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Country walk at Hackness
ON the site of the hall at Hackness there was once a grand monastery. It was inhabited by a cell of nuns founded in 680 by Hilda from the great abbey at Whitby.
The new monastery, built near the lake, was surrounded by peace and solitude among the hills and valleys of Hackness and would make provision for a nun called Begu who would start a weaving shop there. Begu was a good companion to Hilda having arrived at Whitby with her from Hartlepool and was trusted to help the Hackness cell thrive.
Many years later in the 11th century, a second monastery was built at Hackness, this time for the monks who had left Whitby to escape robbers and pirates who persistently attacked the abbey. The monks probably worked in Forge Valley manufacturing iron.
But it is the first monastery that has a strange tale to tell.
The tale surrounds Begu at the time of Hilda’s death at Whitby Abbey. One night Begu was awakened by the sound of the monastery bell ringing. As Begu opened her eyes, she saw the roof of the monastery open and a bright light filled her room.
Within the light she saw the soul of Hilda ascending into heaven surrounded by angels.
Begu rushed to the abbess to tell her what she had seen and the other nuns were called into prayer.
The next day monks from Whitby arrived to tell of Hilda’s death, where the abbess proudly announced that they already knew as they had been told of the vision by Begu.
When Begu told the monks the time of her vision at Hackness, they said it was exactly the same time as Hilda had passed away at Whitby.
Park on the roadside area near the Silpho junction opposite Hackness School. Walk past the school and church, under the bridge and past the entrance to Hackness Hall.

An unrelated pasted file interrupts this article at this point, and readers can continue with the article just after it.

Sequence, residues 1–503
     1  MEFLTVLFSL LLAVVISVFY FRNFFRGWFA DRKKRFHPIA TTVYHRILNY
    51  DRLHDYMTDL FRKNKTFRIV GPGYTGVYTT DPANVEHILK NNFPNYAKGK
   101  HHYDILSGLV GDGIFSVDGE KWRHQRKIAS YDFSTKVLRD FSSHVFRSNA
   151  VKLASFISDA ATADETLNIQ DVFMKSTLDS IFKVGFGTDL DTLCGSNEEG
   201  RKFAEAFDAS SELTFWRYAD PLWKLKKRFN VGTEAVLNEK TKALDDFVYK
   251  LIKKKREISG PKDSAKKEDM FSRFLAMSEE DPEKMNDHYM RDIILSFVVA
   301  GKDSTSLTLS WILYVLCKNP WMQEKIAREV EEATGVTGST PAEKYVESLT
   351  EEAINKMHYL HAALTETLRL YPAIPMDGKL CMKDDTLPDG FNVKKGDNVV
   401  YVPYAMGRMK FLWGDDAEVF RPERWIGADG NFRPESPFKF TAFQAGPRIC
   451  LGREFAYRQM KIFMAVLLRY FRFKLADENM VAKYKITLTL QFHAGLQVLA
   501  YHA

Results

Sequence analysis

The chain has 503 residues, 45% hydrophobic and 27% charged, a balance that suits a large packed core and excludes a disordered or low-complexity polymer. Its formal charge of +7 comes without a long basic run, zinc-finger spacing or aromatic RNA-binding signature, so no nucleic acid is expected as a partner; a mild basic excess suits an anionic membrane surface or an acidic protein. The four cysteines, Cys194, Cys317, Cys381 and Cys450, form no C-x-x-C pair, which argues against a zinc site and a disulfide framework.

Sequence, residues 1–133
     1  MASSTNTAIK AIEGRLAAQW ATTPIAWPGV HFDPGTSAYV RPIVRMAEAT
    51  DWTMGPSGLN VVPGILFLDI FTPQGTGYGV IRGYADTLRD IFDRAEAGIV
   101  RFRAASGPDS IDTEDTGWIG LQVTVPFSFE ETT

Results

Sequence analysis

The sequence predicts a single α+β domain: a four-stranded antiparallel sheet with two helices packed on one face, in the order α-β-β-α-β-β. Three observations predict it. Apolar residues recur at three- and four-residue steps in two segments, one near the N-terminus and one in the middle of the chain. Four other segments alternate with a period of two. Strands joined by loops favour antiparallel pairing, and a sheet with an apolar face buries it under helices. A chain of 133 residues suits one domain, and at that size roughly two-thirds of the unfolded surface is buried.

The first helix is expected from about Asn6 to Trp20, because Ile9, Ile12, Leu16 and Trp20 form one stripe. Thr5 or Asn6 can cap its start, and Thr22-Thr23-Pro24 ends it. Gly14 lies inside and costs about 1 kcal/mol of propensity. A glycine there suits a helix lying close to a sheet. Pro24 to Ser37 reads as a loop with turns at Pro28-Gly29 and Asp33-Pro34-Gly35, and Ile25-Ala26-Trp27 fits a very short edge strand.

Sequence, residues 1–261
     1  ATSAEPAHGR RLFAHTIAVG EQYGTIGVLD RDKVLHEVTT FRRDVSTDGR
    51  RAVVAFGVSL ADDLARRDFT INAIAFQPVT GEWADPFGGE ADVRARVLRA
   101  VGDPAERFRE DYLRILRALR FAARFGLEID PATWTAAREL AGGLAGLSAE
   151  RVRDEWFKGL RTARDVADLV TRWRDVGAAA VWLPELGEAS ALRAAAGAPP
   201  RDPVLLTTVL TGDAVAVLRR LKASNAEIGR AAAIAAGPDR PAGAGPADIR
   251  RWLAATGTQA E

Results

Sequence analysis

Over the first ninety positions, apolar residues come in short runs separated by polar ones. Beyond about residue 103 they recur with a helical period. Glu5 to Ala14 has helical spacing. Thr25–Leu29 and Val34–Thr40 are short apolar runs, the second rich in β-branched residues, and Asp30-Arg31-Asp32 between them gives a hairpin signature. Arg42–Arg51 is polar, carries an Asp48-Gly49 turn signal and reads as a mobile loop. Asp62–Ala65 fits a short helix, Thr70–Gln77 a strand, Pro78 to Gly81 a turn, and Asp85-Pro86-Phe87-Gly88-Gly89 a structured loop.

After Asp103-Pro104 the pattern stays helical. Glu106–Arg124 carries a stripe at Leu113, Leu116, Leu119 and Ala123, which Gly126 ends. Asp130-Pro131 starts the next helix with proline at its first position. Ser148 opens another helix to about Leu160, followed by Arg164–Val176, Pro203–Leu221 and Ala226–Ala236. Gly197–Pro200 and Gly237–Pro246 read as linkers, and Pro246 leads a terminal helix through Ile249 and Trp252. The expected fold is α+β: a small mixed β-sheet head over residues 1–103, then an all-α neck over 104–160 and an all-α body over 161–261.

Ignore the bridle way sign on your left and continue along to a footpath sign across a small stream into open parkland.
Walk diagonally right now heading towards a wood. The path becomes steeper as you approach the entrance to the wood and narrows as you enter at the yellow waymark.
There should be a stile here but when I walked the route there was just a gap in the barbed wire fence.
Head off uphill through a woodland glade.
As you climb higher, the path narrows and soon dives into the gully on the left. Keep climbing on this even narrower path over fallen trees and rocks. Steep sides around you now and an overwhelming amount of prodigally luxuriant mosses and other green, moisture loving plants. At the top, exit up the man-made steps and turn right, then turn right again signed to Suffield. In about 20 paces, go left through a small gate, then right into a field.
Straight ahead now, then follow the path around the edge of the field left past a sunken menage, then follow the hedge as it bends to the right to cross two fields to the road at Suffield. Turn left here, then take the road to the right towards Scalby. In a hundred paces or so, go right over a stile at the footpath sign into a field onto a wide track.
Keep straight ahead now for about 400 paces, then when the wide track veers left, keep straight ahead for a few paces, then go right over a large stile. Keep the hedge on the right, then in the corner of the field go right through a gate into a grassy lane.
Continue along the lane to exit over a stile onto a minor road. Go left here onto the road then in half a mile bear right, then walk past the entrance for Suffield Heights to a stile near a gate.
Not far then go left at a small footpath sign into a woodland glade, if you reach the keep out sign you have gone too far. Walk through this magical glade passing a broken lime kiln on the way.
As you descend this rough and sometimes difficult path it narrows and becomes steeper until you exit through a small gate to cross open land to the road. Left onto the road for about a hundred paces, then left again at the footpath sign which climbs and bears right to eventually reach a field behind Hackness Hall.
Cross the stile and head up to the marker post, then to a gate into the wood. Continue along through the wood to eventually bear right to a gate into a field. Bear left here, then just past the seat go right at the marker down a steep, grassy field to reach a gate in the hedge onto the road. Turn right past Mill Farm with its old, stone pig sties, then right at the road junction. Continue along past the lake on your right to soon reach your parking area near the school.
Distance - Five miles (8km)
Time - Two hours
Grading - Easy
Start/grid ref - Hackness, grid ref 969905
Best map - OS outdoor Leisure 27
Parking - Roadside parking area for a few cars
Refreshments - None
Public toilets - None